So, a journey began that would not conclude for another 4 weeks.  Billy setup his fake gmail account.  He adopted the famous “what is your porn star name” angle for his gmail account.  Take your middle name and the street you grew up on and that would be your porn star name.  He purchased a solid VPN software.  He made his connection through Toronto and sent his first email as our recently paroled and reformed junior network manager.  Per the instructions in the ransom letter, he sent a sample, encrypted file and mentioned that his minor server had been infected and respectfully requested the decrypting software.  About a week later he received his first reply.

The reply was simple and a canned response.  Again, they gave the amount and urged promptness in sending the bitcoins.  They also replied with the decrypted sample file as evidence of their ability to decrypt the files.  Billy was visibly excited.  He had received evidence that they could decrypt his files.  Now, if he could only convince them to do it for $1000 or less, he would be golden.  So, the negotiating began.  He replied back that he did not have that much money and could only afford $500 (or .07 bitcoins).  After a few short minutes, “Locker James” replied back that his boss would accept $1,500 or .21 bitcoins as the lowest price.

It was at this point that Billy invoked his character.  He again stated that he did not have $1,500.  He stated that he was a low level, recently hired IT guy and his main responsibility was this infected server.  He goes on to say that his boss is not aware that the files have been encrypted and that he will lose his job if his boss finds out (which is true).  Billy throws in additional heart-wrenching pieces of information such as his low salary, difficulty in making rent payments, that the $500 he has to spend is actually rent money.  He lays it on thick.  Locker James replies that his boss is the one that sets the prices and that he is also a low level employee who will get a very small percent of the ransom paid.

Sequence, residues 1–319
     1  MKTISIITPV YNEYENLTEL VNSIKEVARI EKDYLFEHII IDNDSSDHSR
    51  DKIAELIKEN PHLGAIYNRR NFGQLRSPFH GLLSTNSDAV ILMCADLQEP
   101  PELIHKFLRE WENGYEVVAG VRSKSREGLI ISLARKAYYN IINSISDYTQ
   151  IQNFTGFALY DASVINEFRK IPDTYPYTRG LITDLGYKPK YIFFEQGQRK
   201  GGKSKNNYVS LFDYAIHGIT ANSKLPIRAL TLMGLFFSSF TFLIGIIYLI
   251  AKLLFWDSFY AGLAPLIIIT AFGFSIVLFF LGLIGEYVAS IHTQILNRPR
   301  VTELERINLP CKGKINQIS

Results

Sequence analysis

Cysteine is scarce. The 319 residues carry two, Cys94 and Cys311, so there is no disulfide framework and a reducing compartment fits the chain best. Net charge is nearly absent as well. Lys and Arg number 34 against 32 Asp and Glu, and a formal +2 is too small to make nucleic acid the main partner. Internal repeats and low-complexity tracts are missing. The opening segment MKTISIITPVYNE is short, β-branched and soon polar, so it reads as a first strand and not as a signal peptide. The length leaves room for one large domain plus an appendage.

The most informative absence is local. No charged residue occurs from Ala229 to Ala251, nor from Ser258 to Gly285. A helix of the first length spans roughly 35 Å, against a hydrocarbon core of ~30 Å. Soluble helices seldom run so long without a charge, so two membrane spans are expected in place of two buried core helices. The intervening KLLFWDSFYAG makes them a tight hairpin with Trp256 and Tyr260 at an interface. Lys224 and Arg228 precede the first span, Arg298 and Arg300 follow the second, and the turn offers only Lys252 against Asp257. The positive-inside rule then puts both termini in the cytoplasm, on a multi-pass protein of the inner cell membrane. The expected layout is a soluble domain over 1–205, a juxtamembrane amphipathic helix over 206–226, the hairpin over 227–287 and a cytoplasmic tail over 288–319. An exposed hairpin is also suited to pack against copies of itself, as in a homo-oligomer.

Billy and Locker James continued to carry on a conversation for another few hours and it seemed they started to bond together as two low-level guys who are working for mean bosses.  The plan was working.  Locker James ever said that he would try to get the decrypter and send it to Billy.  I knew it was too good to be true.  Suddenly the emails changed, and you could tell he was now dealing with a different person.  Billy’s fear was that the person he had been dealing with got in trouble for attempting to go behind his bosses back.  However, the price was now down to $1,000 and he had to make the payment right away or it would go back up to the original price.  The bitcoin wallet code was provided.

Billy had a tough decision to make at this point.  He could pay the ransom and hope that these criminals would send him the decrypting software.  Or, he could walk away, tell his boss the truth and lose his job.  I urged him to tell the truth to his boss and learn a lesson.  But, once again, he chose to pay the ransom.  Per the ransom instructions, he purchased some bitcoins, which took over 12 hours to receive.  Once he confirmed he had the bitcoins, he initiated payment to the bitcoin wallet code that was provided by the criminal.  The ransom was paid on November 2nd around 20:20.

November 3rd came and went.  On November 4th, Billy sent another email asking for the software.  No reply.  He did the same on November 5th, 6th, 7th and 8th.  It had been a long and sleepless week.  But on the evening of November 8th, Billy received a 4 word reply.  “We send you software”.  But what did this mean?  Did this mean they were going to send the software or that they already sent him the software.  He was dealing with foreigners with bad english, so he wasn’t sure what they meant.  He was more stressed now than he was before.  So he replied with a thank you and asked them which email address they would send the decrypting software.